We put the iPXE ROM in the genroms directory in the cbfs filesystem.
If we attach the ROM to the ethernet card by putting it in the root directory (with the right name :
pci10ec,8168.rom) in the cbfs filesystem iPXE will be launch three time and will appear three time in the SeaBIOS menu.
It’s because the APU has three ethernet card with same vendor and device ID.
max@laptop % cd build max@laptop % ./cbfstool coreboot.rom add -f ../payloads/perso/ipxe/src/bin/10ec8168.rom -n genroms/ipxe -t raw
If you want to completly disable the prompt “Press Ctrl-B to configure iPXE” when the option ROM is loaded and when iPXE is launched by SeaBIOS, but you steel want to be able to use the
shell command you will have to add the following line in
+REQUIRE_OBJECT ( shell );
At first I added nvramcui in the main ROM but I found the tool have some very annoying limitation so I decided to removed it.
nvramcui is a tool to change the config values store in cmos/nvram. That could be great to change for example the coreboot debug level without reflashing the ROM.
It doesn’t read the values stored in nvram before asking the user to change it. So you can’t use it to read the nvram content, see it as a write only tool.
There is a field in the nvram where the checksum of the values is stored. If this checksum is wrong coreboot write in the nvram the default values (sanitize) before reading it. The default values are stored in the cmos.default file and it’s taken into account if the HAVE_CMOS_DEFAULT config option is set.
nvramcui doesn’t compute and write the checksum when it change a value.
At first, when I changed the coreboot code to handle nvram values I didn’t enable HAVE_CMOS_DEFAULT so coreboot didn’t “sanitize” the nvram and read values even if the checksum was wrong.
To make thing better I enable HAVE_CMOS_DEFAULT and created the cmos.default file. Then nvramcui become useless since it’s a write only tool and every time you change a value with it, the nvram is restored to the default as the checksum isn’t recompute (so is wrong).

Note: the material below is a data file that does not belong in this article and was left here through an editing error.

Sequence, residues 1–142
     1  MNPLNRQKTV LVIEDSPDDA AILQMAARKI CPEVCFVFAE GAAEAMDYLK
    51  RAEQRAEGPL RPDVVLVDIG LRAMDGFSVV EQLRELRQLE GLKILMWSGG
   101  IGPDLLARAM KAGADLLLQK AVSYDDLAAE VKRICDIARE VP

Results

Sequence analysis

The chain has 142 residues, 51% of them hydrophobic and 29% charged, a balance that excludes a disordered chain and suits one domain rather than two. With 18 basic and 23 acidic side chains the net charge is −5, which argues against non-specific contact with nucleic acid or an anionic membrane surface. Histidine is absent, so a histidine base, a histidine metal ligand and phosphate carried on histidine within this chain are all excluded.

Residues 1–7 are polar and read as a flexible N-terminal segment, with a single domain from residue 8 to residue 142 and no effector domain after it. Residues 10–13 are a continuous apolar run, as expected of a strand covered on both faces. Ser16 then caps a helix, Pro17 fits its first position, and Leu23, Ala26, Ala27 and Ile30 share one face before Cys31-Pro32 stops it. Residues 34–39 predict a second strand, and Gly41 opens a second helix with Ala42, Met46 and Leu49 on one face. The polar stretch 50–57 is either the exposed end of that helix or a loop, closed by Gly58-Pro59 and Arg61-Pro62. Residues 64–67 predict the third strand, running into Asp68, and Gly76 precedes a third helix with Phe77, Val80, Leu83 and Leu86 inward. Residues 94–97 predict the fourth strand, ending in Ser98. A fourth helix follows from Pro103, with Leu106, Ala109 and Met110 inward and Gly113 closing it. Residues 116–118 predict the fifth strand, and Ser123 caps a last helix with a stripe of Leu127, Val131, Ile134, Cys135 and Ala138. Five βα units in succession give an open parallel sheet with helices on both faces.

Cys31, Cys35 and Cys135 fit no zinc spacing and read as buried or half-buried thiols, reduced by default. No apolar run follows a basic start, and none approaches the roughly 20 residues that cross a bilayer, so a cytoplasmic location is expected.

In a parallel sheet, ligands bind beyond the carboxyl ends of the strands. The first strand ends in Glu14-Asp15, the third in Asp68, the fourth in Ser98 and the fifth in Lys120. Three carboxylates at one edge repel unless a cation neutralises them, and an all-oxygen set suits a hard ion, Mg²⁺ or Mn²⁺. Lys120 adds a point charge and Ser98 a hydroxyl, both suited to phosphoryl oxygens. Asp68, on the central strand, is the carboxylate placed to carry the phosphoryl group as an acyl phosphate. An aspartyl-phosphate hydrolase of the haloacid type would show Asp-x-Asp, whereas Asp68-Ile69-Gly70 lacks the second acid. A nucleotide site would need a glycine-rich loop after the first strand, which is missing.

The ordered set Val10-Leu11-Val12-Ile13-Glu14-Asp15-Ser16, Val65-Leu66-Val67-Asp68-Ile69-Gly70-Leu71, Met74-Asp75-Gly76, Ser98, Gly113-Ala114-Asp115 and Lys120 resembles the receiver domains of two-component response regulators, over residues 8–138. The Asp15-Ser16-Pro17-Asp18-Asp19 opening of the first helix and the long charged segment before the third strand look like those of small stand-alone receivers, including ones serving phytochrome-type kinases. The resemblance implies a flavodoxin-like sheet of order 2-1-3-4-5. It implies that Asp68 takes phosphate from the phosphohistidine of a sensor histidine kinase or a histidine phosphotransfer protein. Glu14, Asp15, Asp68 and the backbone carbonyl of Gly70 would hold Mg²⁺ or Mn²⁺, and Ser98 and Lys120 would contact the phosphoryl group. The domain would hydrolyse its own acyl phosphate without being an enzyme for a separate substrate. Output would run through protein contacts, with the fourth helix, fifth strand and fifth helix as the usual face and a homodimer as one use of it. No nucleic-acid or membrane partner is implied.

I tried to use grub2 as my payload, in replacement of SeaBIOS. It seems a good idea at first but there is a problem with sgabios. grub2 support serial input/output on it’s own, without sgabios, but I wanted sgabios as it allow me to chainload most bootloader without special configuration (to support serial). Has I said in the coreboot – notes section, coreboot can only run option ROM for VGA device… which I don’t have since the APU don’t have any graphical device.
Also, grub2 can’t launch the iPXE payload alone as iPXE need the BIOS interface that only SeaBIOS provide.
So I tried to use grub2 as a SeaBIOS payload.
But grub2 built as coreboot payload (configured with
--with-platform=coreboot) is very different from the standard one (BIOS, configured with
For exemple standard version can’t chainload a coreboot payload (elf file).
On the contrary I didn’t manage to chainload a standard syslinux with the coreboot version.
Also the coreboot version behave differently when it is run by coreboot and SeaBIOS.
It is possible to embed the standard grub2 version in the coreboot ROM by using the floppy image SeaBIOS feature. It will not be able to chainload the other payload, so you need to keep the SeaBIOS menu.
The floppy img will be load in RAM as soon it is discovered by SeaBIOS in the floppyimg directory of the CBFS, before the drawing of the SeaBIOS menu. The RAM is not freed so not available to the OS. So you “lose” 2880 KiB (maximum floppy image size) of RAM for your system as soon as SeaBIOS discover the floppy image.
I didn’t want that as I only wanted to use the embeded grub2 as a backup. So I finaly didn’t include it in my ROM.
In order to build grub2 with the coreboot toolchain I use the coreboot source tree.
diff --git a/payloads/external/GRUB2/Makefile.inc b/payloads/external/GRUB2/Makefile.inc index 4b08e7d..9d397b0 100644 --- a/payloads/external/GRUB2/Makefile.inc +++ b/payloads/external/GRUB2/Makefile.inc @@ -37,12 +37,16 @@ config: checkout cd grub2 && ./autogen.sh cd grub2/build && ../configure BUILD_CC="$(HOSTCC)" CC="$(HOSTCC)" \ TARGET_CC="$(CC)" \ - TARGET_OBJCOPY="$(OBJCOPY)" TARGET_STRIP="$(STRIP)" CFLAGS=-O2 TARGET_CFLAGS=-Os --with-platform=coreboot + TARGET_OBJCOPY="$(OBJCOPY)" TARGET_STRIP="$(STRIP)" CFLAGS=-O2 TARGET_CFLAGS=-Os --with-platform=pc grub2: config echo " MAKE GRUB2 $(NAME-y)" $(MAKE) -C grub2/build CC="$(HOSTCC)" - $(MAKE) -C grub2/build default_payload.elf + cd grub2/build ;\ + pkgdatadir=. ./grub-mkrescue --grub-mkimage=./grub-mkimage -o grub2-floppy.dsk.tmp --modules='part_msdos part_gpt btrfs' --fonts= --themes= --locales= -d grub-core/ /boot/grub/grub.cfg=../coreboot.cfg ;\ + dd if=/dev/zero of=grub2-floppy.dsk bs=512 count=5760 ;\ + dd if=grub2-floppy.dsk.tmp of=grub2-floppy.dsk conv=notrunc clean: test -d grub2 && $(MAKE) -C grub2 clean || exit 0